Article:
2. The principes ("main liners"), will then close ranks and form the main battle line. These battle-hardened veterans are the true hammer of the manipular legions. Heavily-armed and still fresh, they are perfect for charging an enemy that is worn down. It is their responsibility to win the battle.
  3. The triarii ("third rankers") stand behind the other two as the third line, not intended for routine tactical use since the battle is intended to end with the principes. If the main line does break, however, the principes will retreat behind the triarii, who will then close ranks, form a phalanx and advance. They are charged with buying time for the hastati and principes to retreat in an orderly manner, or to reform battle lines for a second engagement.

For this reason, hastati has always been considered to mean the first line, principes the second line and triarii the third line in the standard manipular legions. Roman generals are not incapable of forming up non-standard formations, however. For example, there are examples of both hastati and principes forming up a single unbroken line.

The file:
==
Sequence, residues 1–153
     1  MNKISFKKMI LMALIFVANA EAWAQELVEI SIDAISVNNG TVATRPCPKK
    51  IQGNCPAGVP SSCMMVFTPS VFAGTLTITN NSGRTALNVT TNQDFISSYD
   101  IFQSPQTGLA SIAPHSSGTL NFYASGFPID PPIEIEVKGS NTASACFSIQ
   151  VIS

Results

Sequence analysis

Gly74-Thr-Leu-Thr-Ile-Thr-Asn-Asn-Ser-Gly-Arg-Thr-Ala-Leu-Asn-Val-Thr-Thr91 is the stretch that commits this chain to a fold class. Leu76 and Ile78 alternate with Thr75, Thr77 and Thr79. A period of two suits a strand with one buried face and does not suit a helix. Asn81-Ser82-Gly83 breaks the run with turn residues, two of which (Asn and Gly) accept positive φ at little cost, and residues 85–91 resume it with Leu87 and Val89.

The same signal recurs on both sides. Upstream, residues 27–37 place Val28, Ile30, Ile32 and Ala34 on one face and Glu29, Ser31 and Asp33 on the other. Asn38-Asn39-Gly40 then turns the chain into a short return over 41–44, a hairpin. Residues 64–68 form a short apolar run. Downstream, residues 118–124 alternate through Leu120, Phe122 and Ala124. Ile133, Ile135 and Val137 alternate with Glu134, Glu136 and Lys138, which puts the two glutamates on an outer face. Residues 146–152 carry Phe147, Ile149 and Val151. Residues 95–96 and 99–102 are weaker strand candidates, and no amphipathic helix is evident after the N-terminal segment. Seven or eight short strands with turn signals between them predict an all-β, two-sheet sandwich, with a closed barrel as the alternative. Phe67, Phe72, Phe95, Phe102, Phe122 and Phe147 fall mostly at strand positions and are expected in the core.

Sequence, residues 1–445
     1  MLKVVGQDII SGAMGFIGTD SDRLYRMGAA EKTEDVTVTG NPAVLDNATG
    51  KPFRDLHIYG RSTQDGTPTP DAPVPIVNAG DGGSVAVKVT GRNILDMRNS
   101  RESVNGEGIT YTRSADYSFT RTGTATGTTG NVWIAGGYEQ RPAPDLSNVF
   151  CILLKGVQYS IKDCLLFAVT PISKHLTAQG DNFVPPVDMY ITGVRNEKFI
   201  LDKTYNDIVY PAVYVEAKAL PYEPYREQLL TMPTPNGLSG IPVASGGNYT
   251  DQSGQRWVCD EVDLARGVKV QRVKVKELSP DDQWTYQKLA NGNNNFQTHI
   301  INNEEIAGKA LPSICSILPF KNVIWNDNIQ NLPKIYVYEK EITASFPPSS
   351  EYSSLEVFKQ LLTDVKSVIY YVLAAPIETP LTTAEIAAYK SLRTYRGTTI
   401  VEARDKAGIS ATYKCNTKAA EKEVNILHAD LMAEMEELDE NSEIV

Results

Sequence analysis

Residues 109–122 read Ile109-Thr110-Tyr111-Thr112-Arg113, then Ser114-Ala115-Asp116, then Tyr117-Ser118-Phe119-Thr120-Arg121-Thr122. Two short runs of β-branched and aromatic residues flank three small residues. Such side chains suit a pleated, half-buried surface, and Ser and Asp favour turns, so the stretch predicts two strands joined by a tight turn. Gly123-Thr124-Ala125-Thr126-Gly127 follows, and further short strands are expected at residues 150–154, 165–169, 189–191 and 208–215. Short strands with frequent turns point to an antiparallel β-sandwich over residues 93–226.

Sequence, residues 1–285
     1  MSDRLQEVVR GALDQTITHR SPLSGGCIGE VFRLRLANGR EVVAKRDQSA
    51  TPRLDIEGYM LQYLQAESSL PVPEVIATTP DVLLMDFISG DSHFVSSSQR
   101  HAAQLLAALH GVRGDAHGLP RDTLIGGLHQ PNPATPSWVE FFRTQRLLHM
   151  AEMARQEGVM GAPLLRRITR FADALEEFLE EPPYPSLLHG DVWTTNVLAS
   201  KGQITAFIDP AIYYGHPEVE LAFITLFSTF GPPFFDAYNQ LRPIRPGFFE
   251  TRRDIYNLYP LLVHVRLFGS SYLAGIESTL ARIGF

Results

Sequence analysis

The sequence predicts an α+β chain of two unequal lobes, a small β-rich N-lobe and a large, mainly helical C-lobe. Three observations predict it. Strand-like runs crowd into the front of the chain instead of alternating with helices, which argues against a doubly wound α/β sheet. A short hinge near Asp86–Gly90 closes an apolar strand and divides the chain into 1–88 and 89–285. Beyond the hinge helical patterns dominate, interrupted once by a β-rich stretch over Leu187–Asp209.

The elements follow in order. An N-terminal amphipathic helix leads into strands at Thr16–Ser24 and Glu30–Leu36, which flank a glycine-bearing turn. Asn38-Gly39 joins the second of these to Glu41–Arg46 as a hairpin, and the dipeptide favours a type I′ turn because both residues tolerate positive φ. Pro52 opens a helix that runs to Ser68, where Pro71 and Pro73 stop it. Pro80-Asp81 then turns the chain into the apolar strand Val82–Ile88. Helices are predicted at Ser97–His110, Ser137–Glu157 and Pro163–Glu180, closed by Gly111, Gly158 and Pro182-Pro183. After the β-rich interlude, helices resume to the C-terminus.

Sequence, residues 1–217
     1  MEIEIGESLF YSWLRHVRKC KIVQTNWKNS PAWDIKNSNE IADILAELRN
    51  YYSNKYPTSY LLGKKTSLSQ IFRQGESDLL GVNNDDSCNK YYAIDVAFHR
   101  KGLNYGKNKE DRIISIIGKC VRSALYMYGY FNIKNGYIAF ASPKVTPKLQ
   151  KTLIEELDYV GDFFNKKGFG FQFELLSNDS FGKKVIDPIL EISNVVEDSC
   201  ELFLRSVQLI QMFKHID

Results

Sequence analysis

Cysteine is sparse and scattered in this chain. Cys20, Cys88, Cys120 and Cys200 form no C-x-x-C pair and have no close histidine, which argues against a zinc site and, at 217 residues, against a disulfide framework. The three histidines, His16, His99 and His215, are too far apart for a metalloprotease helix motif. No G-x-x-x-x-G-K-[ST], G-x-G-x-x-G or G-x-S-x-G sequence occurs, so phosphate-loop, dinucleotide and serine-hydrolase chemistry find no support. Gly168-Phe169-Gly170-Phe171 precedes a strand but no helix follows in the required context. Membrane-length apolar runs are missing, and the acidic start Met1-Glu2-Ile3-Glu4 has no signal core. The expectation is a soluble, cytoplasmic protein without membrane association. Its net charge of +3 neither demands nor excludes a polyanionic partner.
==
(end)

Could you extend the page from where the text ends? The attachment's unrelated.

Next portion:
Besides different manners of formation, another possible reason for the discrepancies you mentioned would be in the cohort-based legions of the late Republic and early Empire. Each of the ten cohorts are still sub-divided into three maniples of two centuries each. However, with standardised state-sponsored equipment, these naming conventions are only significant as far as serial numbers go. Their ordering when forming up for battle is still in the same order as before, although they can just as easily be shuffled around without much consequence.

Sources (you can refer to these for learning about the Roman legion's composition as it evolves throughout the centuries as well):

They may just be Wikipedia links, but personally I have been reading about Roman military history since late childhood, and these articles give quite a well-detailed treatment of the subject with new insights too, especially on the matter of Roman cavalry. I would judge that these are good material for the casual reader, and a good starting point for researching into other publications for more formal studies.